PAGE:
New evidence of water on Mars could be the best indication yet that liquid flows on the Red Planet..
Just a mile or so beneath the surface, near the south pole of Mars, there is a reservoir of briny water sloshing and churning below layers of ice and rock.
This subglacial lake, discovered by a ground-penetrating radar on the Mars Express spacecraft, is about 20 kilometers (12.4 miles) wide and perhaps no more than a meter deep. Its discovery is the latest piece of evidence that suggests water was not only present on Mars in the past but is still flowing in some capacity today. The findings, if confirmed by future observations, would be the most significant discovery of liquid water on Mars to date.
Scientists already had little doubt that there was, at one point, liquid water on Mars, thanks to tiny spherical deposits discovered by the Opportunity rover in 2004 and the comprehensive mineralogy studies conducted by the Curiosity rover. The evidence suggests that vast lakes and rivers dominated the surface of Mars billions of years ago. What's more, tantalizing clues have continued to imply the existence of liquid water on Mars today. Condensation was measured on the Phoenix lander in 2009, and dark streaks spotted on Martian dunes may be evidence of briny water (although more recent examination suggests they could be avalanches of dry sand).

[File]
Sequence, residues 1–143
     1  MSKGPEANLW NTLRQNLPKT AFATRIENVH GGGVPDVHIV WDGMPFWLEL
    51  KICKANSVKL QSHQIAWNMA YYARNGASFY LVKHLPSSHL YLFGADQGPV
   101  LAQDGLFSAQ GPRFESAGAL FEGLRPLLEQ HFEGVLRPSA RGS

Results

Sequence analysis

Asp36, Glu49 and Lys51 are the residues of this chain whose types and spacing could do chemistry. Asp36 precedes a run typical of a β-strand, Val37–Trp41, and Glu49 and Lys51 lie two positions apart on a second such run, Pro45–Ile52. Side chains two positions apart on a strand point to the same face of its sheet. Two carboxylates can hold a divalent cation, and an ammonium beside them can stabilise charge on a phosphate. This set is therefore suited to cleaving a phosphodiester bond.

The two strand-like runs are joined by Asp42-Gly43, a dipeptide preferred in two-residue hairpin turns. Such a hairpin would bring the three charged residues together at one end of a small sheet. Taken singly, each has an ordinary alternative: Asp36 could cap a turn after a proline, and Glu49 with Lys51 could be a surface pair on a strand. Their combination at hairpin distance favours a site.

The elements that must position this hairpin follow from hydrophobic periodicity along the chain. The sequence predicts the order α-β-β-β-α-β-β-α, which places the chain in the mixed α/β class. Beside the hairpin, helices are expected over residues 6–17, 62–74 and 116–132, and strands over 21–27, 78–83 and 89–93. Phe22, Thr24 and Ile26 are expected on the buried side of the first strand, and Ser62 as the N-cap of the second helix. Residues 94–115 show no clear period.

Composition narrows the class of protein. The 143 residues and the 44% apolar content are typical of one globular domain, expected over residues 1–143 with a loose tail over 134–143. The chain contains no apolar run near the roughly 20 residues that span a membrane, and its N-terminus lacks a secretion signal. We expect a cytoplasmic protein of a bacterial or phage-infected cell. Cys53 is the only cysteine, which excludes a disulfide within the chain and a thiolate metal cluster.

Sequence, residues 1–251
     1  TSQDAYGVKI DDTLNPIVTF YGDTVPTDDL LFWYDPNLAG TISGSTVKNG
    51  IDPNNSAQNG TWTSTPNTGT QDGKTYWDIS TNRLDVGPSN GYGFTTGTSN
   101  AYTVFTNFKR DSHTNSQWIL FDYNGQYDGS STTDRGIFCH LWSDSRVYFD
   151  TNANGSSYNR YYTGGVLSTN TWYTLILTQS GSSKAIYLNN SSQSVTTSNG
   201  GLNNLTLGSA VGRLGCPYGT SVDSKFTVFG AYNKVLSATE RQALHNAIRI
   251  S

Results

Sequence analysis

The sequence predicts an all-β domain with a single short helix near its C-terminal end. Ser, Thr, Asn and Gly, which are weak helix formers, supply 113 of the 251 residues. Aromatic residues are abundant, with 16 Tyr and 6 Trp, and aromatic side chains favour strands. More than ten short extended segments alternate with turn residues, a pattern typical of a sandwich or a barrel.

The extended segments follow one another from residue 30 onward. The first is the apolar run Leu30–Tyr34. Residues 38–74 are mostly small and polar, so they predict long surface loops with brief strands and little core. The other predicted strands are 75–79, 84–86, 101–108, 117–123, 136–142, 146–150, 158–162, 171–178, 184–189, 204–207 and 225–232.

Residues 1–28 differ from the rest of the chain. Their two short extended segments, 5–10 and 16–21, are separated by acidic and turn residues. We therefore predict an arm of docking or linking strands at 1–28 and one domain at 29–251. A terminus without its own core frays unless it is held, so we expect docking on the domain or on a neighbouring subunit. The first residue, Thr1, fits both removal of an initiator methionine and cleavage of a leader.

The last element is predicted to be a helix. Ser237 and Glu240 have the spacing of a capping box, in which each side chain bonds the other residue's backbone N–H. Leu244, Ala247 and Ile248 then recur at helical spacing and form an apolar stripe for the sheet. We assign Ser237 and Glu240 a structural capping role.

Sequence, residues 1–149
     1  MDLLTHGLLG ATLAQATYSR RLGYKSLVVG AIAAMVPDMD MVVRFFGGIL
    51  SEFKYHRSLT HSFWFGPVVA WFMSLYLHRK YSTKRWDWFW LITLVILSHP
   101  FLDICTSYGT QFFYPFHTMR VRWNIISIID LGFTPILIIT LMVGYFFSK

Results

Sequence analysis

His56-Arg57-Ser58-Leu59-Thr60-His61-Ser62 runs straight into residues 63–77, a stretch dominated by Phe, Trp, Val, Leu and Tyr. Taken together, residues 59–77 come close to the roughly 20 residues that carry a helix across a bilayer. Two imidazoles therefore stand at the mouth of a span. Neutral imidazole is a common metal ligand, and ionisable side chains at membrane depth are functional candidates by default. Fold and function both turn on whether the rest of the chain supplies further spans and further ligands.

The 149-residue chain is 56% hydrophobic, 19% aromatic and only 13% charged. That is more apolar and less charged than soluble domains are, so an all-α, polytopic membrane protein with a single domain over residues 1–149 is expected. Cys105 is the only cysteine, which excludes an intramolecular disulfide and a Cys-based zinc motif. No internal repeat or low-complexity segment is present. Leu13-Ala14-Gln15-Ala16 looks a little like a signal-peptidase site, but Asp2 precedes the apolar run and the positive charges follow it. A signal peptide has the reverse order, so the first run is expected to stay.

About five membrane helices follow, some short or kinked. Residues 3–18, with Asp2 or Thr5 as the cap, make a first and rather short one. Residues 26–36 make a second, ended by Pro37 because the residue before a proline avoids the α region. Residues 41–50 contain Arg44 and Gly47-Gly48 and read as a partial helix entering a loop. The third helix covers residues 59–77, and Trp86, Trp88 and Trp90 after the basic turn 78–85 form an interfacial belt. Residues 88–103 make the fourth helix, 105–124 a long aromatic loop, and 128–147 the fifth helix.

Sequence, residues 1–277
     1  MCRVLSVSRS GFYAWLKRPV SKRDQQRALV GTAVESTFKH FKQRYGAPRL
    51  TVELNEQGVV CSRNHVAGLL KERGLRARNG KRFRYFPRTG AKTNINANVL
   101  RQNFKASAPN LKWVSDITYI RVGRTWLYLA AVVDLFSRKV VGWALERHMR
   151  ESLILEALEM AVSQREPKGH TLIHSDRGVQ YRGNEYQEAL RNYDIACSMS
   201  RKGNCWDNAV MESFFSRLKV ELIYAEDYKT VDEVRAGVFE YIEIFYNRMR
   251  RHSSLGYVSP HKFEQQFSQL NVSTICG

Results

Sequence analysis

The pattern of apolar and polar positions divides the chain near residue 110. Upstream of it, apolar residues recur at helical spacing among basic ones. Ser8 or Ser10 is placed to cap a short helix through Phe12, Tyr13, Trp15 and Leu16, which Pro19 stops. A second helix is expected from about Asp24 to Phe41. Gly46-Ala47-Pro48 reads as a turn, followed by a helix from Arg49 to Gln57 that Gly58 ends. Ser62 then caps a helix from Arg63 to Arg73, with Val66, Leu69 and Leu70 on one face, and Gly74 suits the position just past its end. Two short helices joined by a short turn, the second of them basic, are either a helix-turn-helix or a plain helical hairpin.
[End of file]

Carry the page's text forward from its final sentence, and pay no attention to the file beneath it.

This new discovery of a subterranean water deposit, outlined in a new paper in Science,suggests water is indeed underneath the red sands of Mars. Perhaps the Red Planet even has entire subsurface lake systems like those beneath Antarctica.
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